Left Behind In The Rally: Pfizer

| About: Pfizer Inc. (PFE)

Summary

Volatility in the issue resulting from the pursuit of AstraZeneca.

Revenues miss riles the Street.

Recent trend of buying the laggards.

The broad market seems to be making new all-time highs every day. However, not all stocks have participated in this seemingly endless upward climb.

Some issues such as Pfizer (PFE) are not only off recent highs, but Pfizer is quite a distance from its all-time high ($50.04).

Since peaking year-to-date at $32.96 on March 5, Pfizer has had a bit of a rough patch. Trading in a not so typical pattern for the issue, it has encountered sharp declines followed by quick rebounds only to retreat once again.

Volatility Resulting From The Pursuit of AstraZeneca

Its latest run-up and subsequent meltdown can be attributed to one event -- its attempt to acquire AstraZeneca (AZN). At first, the move was applauded by the Street as the issue spiked from $29.50 to $32.35 on the possible synergies of the deal.

But as the deal progressed, with Pfizer upping the ante, the Street became cautious on the issue perceiving it may be overpaying for AstraZeneca. The higher the bid went, the lower Pfizer went, shedding nearly one point from April 28 to May 1 ($32.04 to $31.15). Interestingly, May 1 is when AstraZeneca reached its highest level ($82.68) before talks started to collapse.

Those expecting a rebound in the shares when the deal was called off were disappointed. When the deal was finally rebuffed on May 2, Pfizer closed lower on the session falling from $31.15 to $30.75.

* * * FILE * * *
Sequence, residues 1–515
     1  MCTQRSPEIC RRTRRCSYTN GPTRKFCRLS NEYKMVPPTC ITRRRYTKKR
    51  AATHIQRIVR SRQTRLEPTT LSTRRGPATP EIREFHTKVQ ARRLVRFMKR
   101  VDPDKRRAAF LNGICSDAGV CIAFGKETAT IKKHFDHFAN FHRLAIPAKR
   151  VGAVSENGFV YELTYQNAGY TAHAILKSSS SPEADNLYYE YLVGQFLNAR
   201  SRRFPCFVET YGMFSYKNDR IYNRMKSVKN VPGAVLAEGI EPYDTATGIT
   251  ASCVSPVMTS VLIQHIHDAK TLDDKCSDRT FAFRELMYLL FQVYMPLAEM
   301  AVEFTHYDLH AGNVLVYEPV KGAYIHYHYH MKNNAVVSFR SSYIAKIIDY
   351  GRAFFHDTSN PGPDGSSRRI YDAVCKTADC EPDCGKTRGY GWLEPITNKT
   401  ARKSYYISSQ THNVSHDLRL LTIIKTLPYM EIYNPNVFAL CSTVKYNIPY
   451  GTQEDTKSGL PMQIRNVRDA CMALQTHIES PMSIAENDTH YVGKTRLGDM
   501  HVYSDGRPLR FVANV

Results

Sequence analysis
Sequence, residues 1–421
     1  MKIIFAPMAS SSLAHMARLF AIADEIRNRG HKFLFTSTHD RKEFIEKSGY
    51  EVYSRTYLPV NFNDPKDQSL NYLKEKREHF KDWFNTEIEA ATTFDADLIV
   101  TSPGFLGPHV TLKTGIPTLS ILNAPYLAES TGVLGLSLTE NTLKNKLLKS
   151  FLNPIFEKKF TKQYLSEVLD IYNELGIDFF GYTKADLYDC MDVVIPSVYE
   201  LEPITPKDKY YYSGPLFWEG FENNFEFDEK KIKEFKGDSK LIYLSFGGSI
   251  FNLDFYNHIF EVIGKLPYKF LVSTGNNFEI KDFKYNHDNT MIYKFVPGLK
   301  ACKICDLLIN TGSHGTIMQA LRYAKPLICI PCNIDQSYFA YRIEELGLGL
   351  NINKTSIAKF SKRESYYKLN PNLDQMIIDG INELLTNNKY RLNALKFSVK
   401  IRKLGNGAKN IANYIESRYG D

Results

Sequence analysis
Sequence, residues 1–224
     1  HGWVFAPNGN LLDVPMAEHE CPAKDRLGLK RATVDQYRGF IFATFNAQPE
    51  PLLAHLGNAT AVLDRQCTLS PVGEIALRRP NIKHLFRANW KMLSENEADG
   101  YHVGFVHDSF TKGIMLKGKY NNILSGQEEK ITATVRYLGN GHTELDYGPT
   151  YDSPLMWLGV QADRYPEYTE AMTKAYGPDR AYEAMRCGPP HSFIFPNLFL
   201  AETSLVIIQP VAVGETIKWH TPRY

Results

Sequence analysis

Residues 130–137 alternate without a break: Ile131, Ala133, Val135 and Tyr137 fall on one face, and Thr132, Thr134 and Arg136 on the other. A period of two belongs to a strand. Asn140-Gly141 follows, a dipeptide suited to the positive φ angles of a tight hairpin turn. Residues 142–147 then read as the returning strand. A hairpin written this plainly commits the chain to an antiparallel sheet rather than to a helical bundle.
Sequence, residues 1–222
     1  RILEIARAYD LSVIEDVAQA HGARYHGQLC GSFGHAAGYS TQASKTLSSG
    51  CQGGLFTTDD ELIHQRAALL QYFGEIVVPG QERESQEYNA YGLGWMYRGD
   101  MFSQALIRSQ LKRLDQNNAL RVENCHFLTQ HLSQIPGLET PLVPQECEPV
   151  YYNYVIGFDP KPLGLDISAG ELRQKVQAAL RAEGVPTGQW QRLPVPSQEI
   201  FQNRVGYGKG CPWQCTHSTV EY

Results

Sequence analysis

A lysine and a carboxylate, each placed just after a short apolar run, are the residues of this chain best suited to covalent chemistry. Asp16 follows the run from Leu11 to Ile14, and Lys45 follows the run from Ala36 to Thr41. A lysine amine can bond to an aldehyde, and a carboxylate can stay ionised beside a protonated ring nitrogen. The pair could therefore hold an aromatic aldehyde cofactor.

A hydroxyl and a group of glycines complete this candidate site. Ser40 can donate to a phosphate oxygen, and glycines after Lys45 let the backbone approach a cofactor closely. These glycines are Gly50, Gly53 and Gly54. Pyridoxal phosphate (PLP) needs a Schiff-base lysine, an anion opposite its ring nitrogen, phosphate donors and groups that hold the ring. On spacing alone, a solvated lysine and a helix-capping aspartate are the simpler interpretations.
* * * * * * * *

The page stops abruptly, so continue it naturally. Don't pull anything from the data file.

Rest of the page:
Revenues Miss Riles Up The Street

Pfizer's earnings release on May 5 added to the downward momentum for the issue. Despite a penny beat on EPS, revenue came in at $11.4 billion, well below the estimate of $12.13 billion. Coupled with sales being down 16 percent year-over-year, this resulted in nearly another one point loss from $30.75 to $29.96 during the following session.

From that level, the issue drifted lower until bottoming on May 9 at $28.77. Since that time, Pfizer recovered to $29.99 before falling back to the lower $29.00s. It has actually built a solid base above the panic low, as it has put in place 27 consecutive lows between $29.15 and $29.63 from late May through Tuesday.

On many occasions, this is an indication of institutions loading up on the issue for a rebound. Short sellers may also be looking to lock in profits from Pfizer's uncharacteristic decline from $32.96.

Get Paid While Waiting For The Rally

Perhaps the buyers at these current levels may be content with Pfizer's dividend yield of 3.5 percent or a stable return if the issue holds steady and a realistic expectation of some principle appreciation. Pfizer's attractive dividend also provides for a cushion (nearly one point of downside protection) if the issue breaches its major support.

With Pfizer being a pharmaceutical company, there is always the wildcard that the company could be the recipient of favorable results from any new drug trials.

Recent Trend Of Buying The Laggards

Finally, during the latest stage of the broad markets rally, the Street has been bottom fishing, picking up former momentum stocks and other issues that have fallen from grace. Many of the former momentum stocks, such as Facebook (NASDAQ:FB), Twitter (NYSE:TWTR), Netflix (NASDAQ:NFLX) and Tesla Motors (NASDAQ:TSLA) have risen from recent lows. The 3D printing sector has also come to life, along with the volatile solar sector.

The less glamorous but more stable banking sector, which still provide nice yields, has also attracted buying interest as of late.

Without knowing when this bull market will ever end, it is getting harder and harder to find stocks that offer favorable risk/reward ratios. In view of its sharp decline from multi-year highs to a clearly defined support level, coupled with a solid dividend, Pfizer may be one issue that still has some upside in this extended bull market.

Disclosure: The author has no positions in any stocks mentioned, and no plans to initiate any positions within the next 72 hours. The author wrote this article themselves, and it expresses their own opinions. The author is not receiving compensation for it. The author has no business relationship with any company whose stock is mentioned in this article.